Often we look at the most common conversion rate, which is the number of sales divided by the number of visitors. And obviously, that does give you the most information from a business perspective about revenue. About how well your business is doing.
But in other ways, it's not always going to capture how well your business is doing. Just because you have a high conversion rate really doesn't mean your business is doing better. If you had a low conversion rate, but you have way more users, you might have a better business day than on a day where you had a high conversion rate, but much fewer users. So the number itself can't tell you the whole story.
That's the trick with percentages because if you have two visits to your website and they both result in sales, that's a 100% conversion rate. But when you're trying to make 500 sales a day, that's not particularly good.
A lot of times users aren't visiting your website just to make a purchase. Maybe they have an account, and they want to update their information. Maybe they just want to browse, subscribe to your newsletter, or read some content. Or, they just landed for the first time, and they're most likely not going to make a purchase. But you can still start building towards that purchase. A lot of purchases aren't made on the first visit. And so again, that's why we recommend looking beyond just one conversion point, like the sale.
Conversion points can be many different things. Making a sale is a conversion point, but it's not always the most revealing one. That's why we like to talk to our clients and really understand what problem they think they're having or what problem they think their customers are having, and you can turn that into a conversion point.
Most clients don't come to us for user experience. They don't come with the request, "Do you have a UX person or UI person on your team? Usually, it comes in the form of, "Hey, we have this problem. What do you recommend for solving it?
And if it's not a simple technical solution, then that's when the project manager or solution specialist brings in the UX team. But even then, you face some skepticism around it because a lot of clients have their own designer. Or they say, "Okay, well, I have this designer, and there's some thought going into the designs, so I don't need user experience." But often those designers are very good at making things look good, which is great. But like you said, you might have a door in front of you, but you need a little bit of extra guidance to know how to use it. (See Star Trek and The Door section above.)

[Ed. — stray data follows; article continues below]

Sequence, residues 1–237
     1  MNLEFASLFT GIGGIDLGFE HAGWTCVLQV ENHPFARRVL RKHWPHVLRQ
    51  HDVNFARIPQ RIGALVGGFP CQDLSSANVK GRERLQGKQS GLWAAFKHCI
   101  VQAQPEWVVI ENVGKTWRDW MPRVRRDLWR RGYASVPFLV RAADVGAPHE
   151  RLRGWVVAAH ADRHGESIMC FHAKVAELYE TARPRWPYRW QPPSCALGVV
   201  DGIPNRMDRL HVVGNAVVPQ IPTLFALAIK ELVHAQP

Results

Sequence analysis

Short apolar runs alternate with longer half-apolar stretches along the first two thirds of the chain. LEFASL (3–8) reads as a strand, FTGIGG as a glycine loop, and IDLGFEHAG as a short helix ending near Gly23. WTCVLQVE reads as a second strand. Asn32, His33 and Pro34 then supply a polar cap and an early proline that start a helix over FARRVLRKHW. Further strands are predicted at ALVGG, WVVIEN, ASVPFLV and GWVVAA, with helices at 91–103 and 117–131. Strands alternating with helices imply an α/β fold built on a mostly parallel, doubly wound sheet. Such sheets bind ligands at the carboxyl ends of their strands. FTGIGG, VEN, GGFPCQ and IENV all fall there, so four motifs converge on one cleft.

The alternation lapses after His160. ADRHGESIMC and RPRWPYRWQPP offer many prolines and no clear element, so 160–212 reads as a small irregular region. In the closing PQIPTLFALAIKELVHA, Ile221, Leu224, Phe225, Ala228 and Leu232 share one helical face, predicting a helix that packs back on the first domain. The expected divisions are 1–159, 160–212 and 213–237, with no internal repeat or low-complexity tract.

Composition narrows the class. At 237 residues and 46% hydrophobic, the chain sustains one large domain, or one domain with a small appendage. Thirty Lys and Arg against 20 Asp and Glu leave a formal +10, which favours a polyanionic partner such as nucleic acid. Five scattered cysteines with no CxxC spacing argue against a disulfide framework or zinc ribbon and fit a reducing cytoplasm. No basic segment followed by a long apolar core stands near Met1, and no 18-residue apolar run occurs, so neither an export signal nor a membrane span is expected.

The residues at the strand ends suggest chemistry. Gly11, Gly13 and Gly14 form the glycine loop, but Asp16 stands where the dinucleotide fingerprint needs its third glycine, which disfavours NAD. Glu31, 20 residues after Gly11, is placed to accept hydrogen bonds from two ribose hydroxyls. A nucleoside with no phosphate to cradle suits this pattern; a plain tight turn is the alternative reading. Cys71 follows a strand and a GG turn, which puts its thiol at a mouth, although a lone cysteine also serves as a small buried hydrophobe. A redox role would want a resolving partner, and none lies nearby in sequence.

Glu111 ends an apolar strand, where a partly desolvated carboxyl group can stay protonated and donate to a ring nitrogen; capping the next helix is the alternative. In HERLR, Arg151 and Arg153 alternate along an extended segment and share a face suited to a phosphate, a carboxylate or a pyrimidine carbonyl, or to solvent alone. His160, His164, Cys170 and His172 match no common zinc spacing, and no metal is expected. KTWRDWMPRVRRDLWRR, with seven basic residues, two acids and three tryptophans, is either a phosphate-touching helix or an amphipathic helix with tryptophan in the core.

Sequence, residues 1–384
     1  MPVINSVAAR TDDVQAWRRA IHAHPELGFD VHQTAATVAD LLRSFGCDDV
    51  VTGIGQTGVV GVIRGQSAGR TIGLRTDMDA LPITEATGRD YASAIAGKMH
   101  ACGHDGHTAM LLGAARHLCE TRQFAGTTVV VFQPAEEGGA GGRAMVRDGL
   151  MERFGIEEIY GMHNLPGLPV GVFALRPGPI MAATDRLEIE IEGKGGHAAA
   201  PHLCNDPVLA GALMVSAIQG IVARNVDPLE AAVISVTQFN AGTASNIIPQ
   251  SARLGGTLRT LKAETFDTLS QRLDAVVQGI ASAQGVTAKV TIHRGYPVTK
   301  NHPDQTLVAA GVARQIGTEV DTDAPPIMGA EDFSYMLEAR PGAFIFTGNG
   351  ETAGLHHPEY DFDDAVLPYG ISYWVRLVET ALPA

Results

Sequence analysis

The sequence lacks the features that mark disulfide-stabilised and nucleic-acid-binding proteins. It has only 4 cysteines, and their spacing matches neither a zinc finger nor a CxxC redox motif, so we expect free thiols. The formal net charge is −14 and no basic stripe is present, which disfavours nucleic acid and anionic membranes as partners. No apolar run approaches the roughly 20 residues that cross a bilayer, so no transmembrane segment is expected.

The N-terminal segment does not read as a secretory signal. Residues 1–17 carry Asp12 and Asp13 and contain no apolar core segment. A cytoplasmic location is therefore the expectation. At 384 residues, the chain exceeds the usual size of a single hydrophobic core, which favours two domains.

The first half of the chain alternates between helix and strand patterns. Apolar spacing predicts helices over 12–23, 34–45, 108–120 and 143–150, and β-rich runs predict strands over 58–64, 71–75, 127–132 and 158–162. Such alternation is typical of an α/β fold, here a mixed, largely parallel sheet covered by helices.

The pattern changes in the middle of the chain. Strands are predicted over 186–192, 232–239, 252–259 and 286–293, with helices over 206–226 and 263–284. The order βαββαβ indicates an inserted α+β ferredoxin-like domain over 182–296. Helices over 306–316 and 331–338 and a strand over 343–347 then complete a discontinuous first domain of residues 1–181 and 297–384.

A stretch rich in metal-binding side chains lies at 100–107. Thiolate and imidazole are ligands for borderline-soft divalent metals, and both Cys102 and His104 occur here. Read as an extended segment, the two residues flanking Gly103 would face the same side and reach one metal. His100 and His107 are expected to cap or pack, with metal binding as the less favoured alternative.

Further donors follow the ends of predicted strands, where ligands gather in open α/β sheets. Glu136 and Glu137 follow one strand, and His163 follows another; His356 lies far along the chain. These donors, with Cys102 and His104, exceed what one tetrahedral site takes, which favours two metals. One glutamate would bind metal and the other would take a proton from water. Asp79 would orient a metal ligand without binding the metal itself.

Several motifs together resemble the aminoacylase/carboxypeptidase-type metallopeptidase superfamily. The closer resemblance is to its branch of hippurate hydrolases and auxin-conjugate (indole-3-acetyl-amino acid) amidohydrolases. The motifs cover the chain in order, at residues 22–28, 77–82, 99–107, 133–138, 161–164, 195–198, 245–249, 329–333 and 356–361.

A lot of people like to focus on KPIs (Key Performance Indicators) and ROIs (Return on Investments), and what am I going to get out of this? I wonder if one of the problems is that user experience seems kind of amorphous. They don't really know how they can measure or attribute this action to this particular user experience design.
The other piece that I think is worth discussing is User Interface (UI) and design. I think that user experience somehow gets lumped in as kind of this, "Oh, we've got this creative director, or we've got this designer, so user experience is covered. So I think it is worth talking about these two elements. Maybe, how could we measure? Or is that really the point? How is it substantially different than this concept of design?
Maybe we can even go through a practical example. So, Clara, Danuta, and I are all working on a UX phase right now for a client. We're through the very early portions of it and are only now getting to the design phase. Up until this point, we've worked on a wireframe and prototypes to get the flow down - the ultimate goal of everything. So design doesn't even come in until we have that first foundational portion done.
I think that good UX is really invisible because people can easily spot some really bad UX design, like process, errors, or process at checkout. But when user experience is really good, it should be invisible. So that's why some people don't think user experience is important because they don't see this as a separate element. Before we design something, we need to do a lot of research and create a lot of flows to make it intuitive and easy to use. And then we can think about design and add some colors. And, of course, design is about making big impressions. For example, someone enters the site and sees really beautiful illustrations or colors, and it has this effect - Wow. But for us, it's more important to have everything in a logical order and be intuitive.
Just to follow up on Danuta's comment, the design obviously makes a huge impression. It's pretty much our main sense that's getting stimulated when we see a website. So obviously design, the visual look, and the interface are going to play a huge role in the conversion rate.